Government of New Brunswick

Here in New Brunswick, we have made great progress as a province throughout the 20th Century. Imagine:

  • In 1960, per-capita personal income was 40 per cent less than the Canadian average. By 2014, this gap had narrowed to 11 per cent.
  • In 1976, 15.5 per cent of us earned low incomes. By 2011, this rate had gone down
    to 5.8 per cent
(Low income cut-offs after tax, 1992 base. Source: Statistics Canada CANSIM Table 202-0802).
  • While unemployment is still too high, more of us are working than ever before. In the past 30 years, only one other province achieved a faster increase in the workforce employment rate (the percentage of adults with a job) than New Brunswick.
  • Not that long ago, the only modern four-lane highways were in Saint John, Moncton and Fredericton. Today, we have more than 750 km of four-lane highway; two key corridors, Route 1 and Route 2 (the Trans-Canada Highway) have been twinned from end to end.
  • Our airports and seaports are far more advanced now than several decades ago. The Greater Moncton International Airport can accommodate the largest cargo planes. The Port of Belledune has joined the Port of Saint John in providing ice-free port service.

We rank third among the 10 provinces for the percentage of households with access to high-speed broadband infrastructure.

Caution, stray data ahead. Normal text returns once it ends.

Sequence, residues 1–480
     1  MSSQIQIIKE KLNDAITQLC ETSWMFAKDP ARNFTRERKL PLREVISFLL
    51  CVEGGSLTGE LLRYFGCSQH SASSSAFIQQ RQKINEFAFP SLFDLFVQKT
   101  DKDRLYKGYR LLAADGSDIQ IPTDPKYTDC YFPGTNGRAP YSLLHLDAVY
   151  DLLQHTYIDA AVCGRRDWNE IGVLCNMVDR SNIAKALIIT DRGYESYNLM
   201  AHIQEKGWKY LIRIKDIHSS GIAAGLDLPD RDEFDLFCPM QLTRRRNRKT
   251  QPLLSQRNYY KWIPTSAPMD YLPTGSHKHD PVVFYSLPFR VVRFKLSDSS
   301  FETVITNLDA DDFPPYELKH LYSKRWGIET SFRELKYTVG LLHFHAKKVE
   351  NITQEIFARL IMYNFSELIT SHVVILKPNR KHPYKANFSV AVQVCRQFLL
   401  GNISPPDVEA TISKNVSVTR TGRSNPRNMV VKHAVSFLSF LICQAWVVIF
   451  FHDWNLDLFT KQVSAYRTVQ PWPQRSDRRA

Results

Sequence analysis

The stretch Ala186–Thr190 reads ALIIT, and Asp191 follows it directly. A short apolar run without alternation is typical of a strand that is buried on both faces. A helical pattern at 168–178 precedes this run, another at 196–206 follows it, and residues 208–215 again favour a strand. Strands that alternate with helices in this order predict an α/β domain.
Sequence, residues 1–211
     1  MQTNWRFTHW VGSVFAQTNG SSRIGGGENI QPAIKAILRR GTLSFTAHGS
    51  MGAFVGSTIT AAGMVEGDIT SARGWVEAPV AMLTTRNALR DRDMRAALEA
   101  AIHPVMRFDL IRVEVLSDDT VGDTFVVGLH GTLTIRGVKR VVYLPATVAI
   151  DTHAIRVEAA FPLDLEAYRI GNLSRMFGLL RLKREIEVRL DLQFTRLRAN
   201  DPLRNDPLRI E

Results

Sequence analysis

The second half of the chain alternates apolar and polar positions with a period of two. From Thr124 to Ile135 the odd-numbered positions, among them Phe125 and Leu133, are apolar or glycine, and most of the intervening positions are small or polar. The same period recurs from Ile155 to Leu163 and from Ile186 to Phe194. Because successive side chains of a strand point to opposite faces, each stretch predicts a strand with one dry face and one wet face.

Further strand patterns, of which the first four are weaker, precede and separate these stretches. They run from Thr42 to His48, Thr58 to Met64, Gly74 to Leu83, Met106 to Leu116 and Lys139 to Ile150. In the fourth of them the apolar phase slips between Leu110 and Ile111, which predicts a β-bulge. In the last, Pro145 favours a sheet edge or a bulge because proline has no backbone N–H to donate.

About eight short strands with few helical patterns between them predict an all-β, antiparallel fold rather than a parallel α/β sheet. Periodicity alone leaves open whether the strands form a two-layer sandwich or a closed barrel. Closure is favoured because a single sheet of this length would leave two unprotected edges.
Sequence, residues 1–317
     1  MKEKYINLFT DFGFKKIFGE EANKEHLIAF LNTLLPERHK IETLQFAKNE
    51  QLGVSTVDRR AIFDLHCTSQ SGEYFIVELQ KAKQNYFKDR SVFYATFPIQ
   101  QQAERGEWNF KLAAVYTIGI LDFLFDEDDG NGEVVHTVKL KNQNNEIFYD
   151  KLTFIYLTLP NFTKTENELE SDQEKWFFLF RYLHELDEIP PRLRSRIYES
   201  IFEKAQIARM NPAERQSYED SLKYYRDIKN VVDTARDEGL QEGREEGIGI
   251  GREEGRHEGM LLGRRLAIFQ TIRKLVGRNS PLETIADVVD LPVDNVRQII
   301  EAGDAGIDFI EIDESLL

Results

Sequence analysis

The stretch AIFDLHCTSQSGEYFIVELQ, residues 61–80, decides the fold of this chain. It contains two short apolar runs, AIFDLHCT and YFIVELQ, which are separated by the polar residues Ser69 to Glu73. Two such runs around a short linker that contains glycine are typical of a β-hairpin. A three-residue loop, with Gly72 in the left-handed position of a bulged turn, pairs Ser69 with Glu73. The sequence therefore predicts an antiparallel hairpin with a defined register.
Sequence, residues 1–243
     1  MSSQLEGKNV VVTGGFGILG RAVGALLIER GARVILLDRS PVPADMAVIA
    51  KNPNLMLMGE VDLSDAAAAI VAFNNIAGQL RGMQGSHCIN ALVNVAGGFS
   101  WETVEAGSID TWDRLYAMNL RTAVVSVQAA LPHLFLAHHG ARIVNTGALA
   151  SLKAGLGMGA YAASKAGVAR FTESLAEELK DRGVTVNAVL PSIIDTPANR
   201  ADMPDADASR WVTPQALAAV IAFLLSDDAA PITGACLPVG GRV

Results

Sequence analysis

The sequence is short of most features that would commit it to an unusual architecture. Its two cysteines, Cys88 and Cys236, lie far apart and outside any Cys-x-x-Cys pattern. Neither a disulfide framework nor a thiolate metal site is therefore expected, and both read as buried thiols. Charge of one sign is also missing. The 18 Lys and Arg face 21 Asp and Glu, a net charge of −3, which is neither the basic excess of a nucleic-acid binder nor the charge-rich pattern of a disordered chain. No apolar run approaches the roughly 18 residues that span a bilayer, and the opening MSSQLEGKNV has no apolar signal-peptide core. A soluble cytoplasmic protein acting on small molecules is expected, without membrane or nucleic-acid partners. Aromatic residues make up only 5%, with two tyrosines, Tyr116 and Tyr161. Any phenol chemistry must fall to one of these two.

Percentage of households with access to 25 Mbps broadband infrastructure or higher (2014)


Source: CRTC Commuications Monitoring Report, October 2015

  • Until the 1960s, the quality of schools, hospitals and social services throughout New Brunswick varied widely, depending on the strength of the local tax base and other factors. Wealthier areas enjoyed more or better quality services. Less affluent ones received fewer or poorer quality services. Then came Equal Opportunity. Today, we have access to a wide range of quality public services regardless of where we live.
  • According to Statistics Canada’s 2014 Canadian Community Health Survey, 93.4 per cent of us have a regular doctor – the highest rate among the provinces.

Our standard of living is much better. Our quality of life is higher. We are living longer than ever. Our stewardship of the environment has improved substantially.